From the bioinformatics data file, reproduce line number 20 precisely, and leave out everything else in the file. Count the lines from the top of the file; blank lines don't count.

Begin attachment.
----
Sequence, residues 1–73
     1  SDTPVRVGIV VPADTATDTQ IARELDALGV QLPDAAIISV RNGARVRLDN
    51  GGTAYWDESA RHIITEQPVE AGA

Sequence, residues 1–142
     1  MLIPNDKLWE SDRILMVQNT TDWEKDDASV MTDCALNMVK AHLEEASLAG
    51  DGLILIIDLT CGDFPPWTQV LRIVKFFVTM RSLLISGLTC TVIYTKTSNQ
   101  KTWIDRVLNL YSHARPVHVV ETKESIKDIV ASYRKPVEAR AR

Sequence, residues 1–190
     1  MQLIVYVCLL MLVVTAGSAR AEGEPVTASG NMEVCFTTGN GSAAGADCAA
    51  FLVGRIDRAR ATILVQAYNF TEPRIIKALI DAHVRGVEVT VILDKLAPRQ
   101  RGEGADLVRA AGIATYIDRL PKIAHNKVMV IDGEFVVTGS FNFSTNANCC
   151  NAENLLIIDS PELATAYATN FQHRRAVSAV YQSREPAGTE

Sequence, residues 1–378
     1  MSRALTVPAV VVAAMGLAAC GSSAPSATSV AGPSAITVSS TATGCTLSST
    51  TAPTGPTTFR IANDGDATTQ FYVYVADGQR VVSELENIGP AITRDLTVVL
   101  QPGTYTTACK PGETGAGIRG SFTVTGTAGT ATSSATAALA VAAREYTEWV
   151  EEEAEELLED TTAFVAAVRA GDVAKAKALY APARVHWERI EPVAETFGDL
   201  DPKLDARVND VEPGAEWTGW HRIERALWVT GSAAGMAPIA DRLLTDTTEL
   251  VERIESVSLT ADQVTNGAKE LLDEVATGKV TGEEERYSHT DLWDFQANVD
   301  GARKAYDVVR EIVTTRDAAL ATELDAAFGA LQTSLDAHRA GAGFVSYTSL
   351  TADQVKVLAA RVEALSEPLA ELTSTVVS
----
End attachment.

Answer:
   301  GARKAYDVVR EIVTTRDAAL ATELDAAFGA LQTSLDAHRA GAGFVSYTSL